The sounds of youth

February 13, 2010

I do miss the Mellotron. It was the sound of my youth. I resumed my acquaintance on a flight from the UK to Hawaii for my latest observing run by listening to ancient King Crimson. With those synthesised strings a band could sound radical and modern and gushingly sentimental at the same time.

I was expecting more gushing sentiment in Hawaii. I am here to push on with UKIDSS, our infra-red sky survey, which will take a thousand nights at fourteen thousand feet. Except that now it might not finish … as UKIRT‘s closing date has been set by STFC as Dec 31st this year. So this might be my last ever UKIRT run…

So I was expecting the local staff to be wallowing in gloom, bitterness, and weepy nostalgia. What I found was a kind of resigned pragmatism. Senior staff are putting on their salesman hats and looking for buyers; junior staff are just getting on with their jobs.  And of course they are all brushing off their CVs. But there was no ranting or choking back tears.

I did get my nostalgia fix tonight though. Tom Geballe, who is currently on a staff astronomer run at Gemini, dropped in to UKIRT with his son and other visitors. Tom used to work at UKIRT many moons ago, and was touched to find CGS4 still bolted on to its Cassegrain station. He patted it gently. His son too found his head thrown back in time. The sound of his youth, he said, was the CGS4 closed cycle coolers.

But now the future is upon us ! VISTA works. See lovely new Orion picture. Last night I looked at the Orion nebula with my binoculars. Its nice to be reminded every now and again that what we do is real. It ain’t just a TV game.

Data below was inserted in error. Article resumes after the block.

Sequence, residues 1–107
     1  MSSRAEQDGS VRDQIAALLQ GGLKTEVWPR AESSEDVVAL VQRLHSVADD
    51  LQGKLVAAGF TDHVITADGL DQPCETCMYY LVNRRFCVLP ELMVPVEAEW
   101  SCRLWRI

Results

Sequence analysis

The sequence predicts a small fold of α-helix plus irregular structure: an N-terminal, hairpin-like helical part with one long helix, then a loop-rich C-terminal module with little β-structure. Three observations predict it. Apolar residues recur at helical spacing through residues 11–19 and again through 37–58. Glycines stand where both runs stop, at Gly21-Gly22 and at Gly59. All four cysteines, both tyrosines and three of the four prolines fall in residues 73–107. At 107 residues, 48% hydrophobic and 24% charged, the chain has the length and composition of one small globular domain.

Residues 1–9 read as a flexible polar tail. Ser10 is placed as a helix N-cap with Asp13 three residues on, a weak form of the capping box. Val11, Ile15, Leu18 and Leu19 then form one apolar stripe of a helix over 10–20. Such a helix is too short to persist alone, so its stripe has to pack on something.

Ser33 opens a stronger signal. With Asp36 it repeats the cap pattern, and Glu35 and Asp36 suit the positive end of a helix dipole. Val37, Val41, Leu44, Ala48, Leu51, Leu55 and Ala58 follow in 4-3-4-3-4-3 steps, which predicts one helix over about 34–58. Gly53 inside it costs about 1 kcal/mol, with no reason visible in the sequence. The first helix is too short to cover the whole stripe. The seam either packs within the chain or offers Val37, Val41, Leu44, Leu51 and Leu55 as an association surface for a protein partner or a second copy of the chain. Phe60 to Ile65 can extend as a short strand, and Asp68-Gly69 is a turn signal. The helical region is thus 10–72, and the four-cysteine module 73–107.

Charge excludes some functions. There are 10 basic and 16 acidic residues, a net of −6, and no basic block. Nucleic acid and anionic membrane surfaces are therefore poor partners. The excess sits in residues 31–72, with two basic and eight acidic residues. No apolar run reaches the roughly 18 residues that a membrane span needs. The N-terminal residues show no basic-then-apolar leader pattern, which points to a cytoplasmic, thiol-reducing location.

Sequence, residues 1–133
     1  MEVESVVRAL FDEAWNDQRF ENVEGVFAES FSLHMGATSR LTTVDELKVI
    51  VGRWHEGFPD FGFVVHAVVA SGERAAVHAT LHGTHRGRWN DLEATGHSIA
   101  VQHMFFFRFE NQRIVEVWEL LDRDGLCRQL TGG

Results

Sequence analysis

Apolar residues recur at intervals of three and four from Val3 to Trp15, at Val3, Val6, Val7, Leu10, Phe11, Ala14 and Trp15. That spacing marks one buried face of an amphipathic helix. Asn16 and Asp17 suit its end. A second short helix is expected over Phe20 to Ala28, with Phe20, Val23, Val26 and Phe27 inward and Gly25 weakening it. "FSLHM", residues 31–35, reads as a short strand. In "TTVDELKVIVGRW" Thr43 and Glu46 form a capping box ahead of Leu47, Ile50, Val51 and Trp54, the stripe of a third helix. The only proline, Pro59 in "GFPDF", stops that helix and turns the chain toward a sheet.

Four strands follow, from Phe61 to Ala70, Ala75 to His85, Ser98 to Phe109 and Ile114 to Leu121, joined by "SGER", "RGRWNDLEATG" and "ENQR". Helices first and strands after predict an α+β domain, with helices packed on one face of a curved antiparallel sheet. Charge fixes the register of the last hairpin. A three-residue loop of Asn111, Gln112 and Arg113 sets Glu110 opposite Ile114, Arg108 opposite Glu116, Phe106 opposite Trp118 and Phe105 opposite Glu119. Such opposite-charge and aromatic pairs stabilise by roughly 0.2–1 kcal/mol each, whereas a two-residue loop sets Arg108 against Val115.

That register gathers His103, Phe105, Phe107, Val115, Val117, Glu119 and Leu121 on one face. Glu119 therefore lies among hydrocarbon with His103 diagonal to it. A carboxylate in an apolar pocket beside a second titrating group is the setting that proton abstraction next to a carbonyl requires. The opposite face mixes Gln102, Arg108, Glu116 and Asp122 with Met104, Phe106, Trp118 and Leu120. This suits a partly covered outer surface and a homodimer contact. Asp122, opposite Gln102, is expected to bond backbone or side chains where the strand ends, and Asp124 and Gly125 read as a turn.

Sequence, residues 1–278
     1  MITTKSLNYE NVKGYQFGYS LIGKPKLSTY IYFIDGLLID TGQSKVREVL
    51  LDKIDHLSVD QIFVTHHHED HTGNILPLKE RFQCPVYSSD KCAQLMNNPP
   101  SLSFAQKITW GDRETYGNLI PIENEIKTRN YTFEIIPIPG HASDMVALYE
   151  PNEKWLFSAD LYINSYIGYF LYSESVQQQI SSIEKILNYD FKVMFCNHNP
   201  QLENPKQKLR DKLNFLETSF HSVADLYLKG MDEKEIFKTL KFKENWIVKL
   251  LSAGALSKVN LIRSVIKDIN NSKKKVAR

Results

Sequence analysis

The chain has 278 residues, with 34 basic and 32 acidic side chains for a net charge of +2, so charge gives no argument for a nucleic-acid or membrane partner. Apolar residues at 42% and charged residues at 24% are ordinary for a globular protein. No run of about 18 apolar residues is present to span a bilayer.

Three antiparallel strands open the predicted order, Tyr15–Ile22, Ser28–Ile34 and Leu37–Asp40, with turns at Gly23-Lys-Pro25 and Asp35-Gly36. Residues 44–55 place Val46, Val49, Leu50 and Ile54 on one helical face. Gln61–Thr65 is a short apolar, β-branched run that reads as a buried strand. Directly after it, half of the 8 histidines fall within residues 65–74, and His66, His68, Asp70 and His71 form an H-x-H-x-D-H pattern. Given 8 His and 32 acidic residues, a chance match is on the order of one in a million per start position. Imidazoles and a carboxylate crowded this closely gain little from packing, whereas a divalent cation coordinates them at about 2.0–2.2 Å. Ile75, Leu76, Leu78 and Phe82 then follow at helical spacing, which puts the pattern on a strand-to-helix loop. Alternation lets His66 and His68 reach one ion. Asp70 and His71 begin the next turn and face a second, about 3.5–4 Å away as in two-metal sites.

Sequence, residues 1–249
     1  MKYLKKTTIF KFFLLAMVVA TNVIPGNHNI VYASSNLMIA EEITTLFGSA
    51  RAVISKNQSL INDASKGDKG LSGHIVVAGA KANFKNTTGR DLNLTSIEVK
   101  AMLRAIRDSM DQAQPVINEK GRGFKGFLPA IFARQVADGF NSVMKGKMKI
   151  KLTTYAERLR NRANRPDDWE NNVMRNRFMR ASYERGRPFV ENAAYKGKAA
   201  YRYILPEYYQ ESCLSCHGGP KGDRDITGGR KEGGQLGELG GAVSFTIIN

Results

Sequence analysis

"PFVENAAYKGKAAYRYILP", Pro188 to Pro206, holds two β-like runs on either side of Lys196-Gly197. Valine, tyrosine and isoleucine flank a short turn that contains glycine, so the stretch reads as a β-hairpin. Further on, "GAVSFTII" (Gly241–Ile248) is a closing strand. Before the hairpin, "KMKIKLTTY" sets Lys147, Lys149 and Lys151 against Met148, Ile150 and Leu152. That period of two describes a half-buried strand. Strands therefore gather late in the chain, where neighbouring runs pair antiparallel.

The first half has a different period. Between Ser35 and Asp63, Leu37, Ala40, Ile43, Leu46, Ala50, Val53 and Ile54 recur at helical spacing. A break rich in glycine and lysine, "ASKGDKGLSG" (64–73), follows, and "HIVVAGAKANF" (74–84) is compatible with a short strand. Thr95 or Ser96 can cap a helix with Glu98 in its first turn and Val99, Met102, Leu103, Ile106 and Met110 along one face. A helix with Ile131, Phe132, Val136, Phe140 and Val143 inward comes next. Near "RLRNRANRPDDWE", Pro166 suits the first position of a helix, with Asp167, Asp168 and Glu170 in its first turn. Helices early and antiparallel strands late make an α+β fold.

WISE is Go

December 15, 2009

Its the year of infra-red astronomy … UKIRT is still going strong (for now…), but now we have Herschel, VISTA, and … WISE.

WISE launched successfully yesterday from Vandenberg. The PV phase is expected to be very short – an amazing one month – followed by a seven month sky survey. My IPAC chums tell me they intend to get the data within a year, so you ain’t got to wait long.

Just thought I’d cheer you up before tomorrow’s doom and gloom.


VISTA is Go

December 11, 2009

VISTA, our shiny new IR survey telescope, is ready for rock and roll. Check out the ESO press release . There some lervely pictures, including a zoomable mosaic of the Galactic Centre.

I am excited (and relieved) both scientifically and in project terms. Data is being processed by a combined Cambridge-Edinburgh team. The data will be deposited in the ESO archive, but also of course will be available in a flexible queryable interface pretty similar to what we already do for UKIDSS at the WFCAM Science Archive (WSA). (The VSA is ready but I am not sure I am allowed to show it to you yet…) Enjoy.

Next up : WISE. This is a spacecraft that will survey the sky in the mid-IR, nicely complementing UKIDSS and VISTA. It is due for launch on Monday from Vandenberg. Gad, the IR is getting exciting.


UKIRT and Star Wars

September 14, 2009

Todays lessons : (i) never understimate the public appeal of astronomy, and (ii) stop worrying and learn to love the bomb.

I am sitting in a fascinating but sentimental workshop : UKIRT at 30, a celebration of thirty years of ground-breaking infrared astronomy at the UK Infrared Telescope. It is pretty amazing how UKIRT got proposed as a very cheap and simple light bucket, but in fact has stayed ahead of the game in technical innovation and scientific impact at every step.